Cell phone distracted driving
Distracted driving has become an escalating and deadly problem. The National Highway Traffic Safety Administration continues to record thousands of distracted driving-related deaths on our nation’s roads every year.

Since the pandemic, distracted driving behaviors have only increased. NHTSA reminds everyone that texting while driving and otherwise driving distracted – by phones, passengers, eating, drinking or even tuning the radio – are dangerous, and often illegal, habits.

While distracted driving can take many forms – using GPS, applying makeup, interacting with other passengers, sipping hot coffee – the most dangerous behavior is texting and driving. The bottom line is this: If your attention is anywhere other than on the road, you’re distracted.

If you don’t want to get a ticket for distracted driving, it’s easy. Focus on the road and not on your phone. If you need to text, stop and pull over. Do not drive.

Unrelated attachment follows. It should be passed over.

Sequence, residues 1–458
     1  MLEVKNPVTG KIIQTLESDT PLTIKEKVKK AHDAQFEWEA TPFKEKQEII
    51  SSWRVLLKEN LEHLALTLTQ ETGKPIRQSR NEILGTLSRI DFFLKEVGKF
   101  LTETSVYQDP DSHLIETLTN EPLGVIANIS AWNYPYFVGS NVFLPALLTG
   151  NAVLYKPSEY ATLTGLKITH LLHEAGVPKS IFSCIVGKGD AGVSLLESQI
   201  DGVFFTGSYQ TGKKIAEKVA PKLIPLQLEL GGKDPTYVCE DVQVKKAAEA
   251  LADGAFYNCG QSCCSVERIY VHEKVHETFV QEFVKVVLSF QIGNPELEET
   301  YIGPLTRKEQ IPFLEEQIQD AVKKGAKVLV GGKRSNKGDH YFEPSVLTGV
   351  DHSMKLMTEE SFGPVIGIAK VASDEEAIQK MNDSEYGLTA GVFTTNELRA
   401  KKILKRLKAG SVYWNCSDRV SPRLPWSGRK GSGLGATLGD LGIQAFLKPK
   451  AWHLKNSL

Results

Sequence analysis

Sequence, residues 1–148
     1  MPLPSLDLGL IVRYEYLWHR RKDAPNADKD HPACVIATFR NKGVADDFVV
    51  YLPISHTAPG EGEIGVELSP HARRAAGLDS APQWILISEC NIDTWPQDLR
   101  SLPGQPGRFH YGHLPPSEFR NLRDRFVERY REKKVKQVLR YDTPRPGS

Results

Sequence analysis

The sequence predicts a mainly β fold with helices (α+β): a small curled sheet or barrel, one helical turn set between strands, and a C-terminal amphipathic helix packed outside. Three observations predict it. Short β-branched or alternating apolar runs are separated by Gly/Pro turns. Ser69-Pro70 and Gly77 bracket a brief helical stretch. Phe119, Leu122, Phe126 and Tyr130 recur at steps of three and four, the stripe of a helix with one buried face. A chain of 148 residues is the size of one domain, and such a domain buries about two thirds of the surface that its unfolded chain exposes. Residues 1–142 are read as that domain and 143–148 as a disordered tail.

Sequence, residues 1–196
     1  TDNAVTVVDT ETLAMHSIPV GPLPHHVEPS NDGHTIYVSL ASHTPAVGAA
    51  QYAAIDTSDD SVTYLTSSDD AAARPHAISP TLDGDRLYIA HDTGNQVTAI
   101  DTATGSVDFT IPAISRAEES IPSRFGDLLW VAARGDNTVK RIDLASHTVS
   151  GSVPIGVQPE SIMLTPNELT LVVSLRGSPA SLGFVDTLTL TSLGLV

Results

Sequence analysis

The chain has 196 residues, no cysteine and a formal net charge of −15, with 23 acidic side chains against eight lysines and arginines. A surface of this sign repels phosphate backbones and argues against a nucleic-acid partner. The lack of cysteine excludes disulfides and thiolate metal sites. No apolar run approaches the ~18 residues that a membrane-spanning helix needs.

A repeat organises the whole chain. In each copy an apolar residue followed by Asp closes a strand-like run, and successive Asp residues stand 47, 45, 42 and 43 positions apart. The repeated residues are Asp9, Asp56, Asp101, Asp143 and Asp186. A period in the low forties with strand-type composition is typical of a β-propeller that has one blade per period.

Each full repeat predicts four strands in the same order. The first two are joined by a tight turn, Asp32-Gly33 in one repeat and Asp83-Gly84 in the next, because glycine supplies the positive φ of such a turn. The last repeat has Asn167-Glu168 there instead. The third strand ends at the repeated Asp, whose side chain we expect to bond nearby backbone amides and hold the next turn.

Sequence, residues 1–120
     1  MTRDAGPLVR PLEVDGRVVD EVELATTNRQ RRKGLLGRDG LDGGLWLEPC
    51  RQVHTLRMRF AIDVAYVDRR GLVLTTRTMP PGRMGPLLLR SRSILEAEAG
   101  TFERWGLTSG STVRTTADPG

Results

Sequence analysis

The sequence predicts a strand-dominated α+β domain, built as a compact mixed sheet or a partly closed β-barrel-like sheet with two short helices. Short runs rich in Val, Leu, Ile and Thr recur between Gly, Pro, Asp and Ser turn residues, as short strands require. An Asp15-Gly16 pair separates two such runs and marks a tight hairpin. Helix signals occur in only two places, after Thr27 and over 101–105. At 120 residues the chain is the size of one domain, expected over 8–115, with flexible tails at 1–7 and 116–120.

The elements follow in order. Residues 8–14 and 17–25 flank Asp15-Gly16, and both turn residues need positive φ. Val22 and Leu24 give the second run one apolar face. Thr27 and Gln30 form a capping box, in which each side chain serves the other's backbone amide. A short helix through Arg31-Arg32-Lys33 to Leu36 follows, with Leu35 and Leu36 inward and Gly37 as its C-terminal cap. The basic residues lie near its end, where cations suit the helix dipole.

Whether you’re an adult or teen driver, follow these safe driving tips:

  • If you struggle with the urge to check your phone or to text while you drive, activate your phone’s “Do Not Disturb” feature or place your phone out of reach by putting it in the trunk, glove box, or back seat to keep you from mindlessly grabbing it.
  • Ask a passenger to be your “designated texter.” Give them access to your phone to respond to calls or messages.
  • Do not engage in social media scrolling or messaging while driving. Those notifications will be waiting for you when you arrive at your destination. No text or comment is worth dying for.

For more information, visit the NHTSA’s distracted driving page

This loss control information is advisory only. The author assumes no responsibility for management or control of loss control activities. Not all exposures are identified in this article. Contact your local, independent Bolder insurance advisor  for coverage advice and policy service.

This article provided by Cincinnati Insurance Company, a Bolder Insurance partner.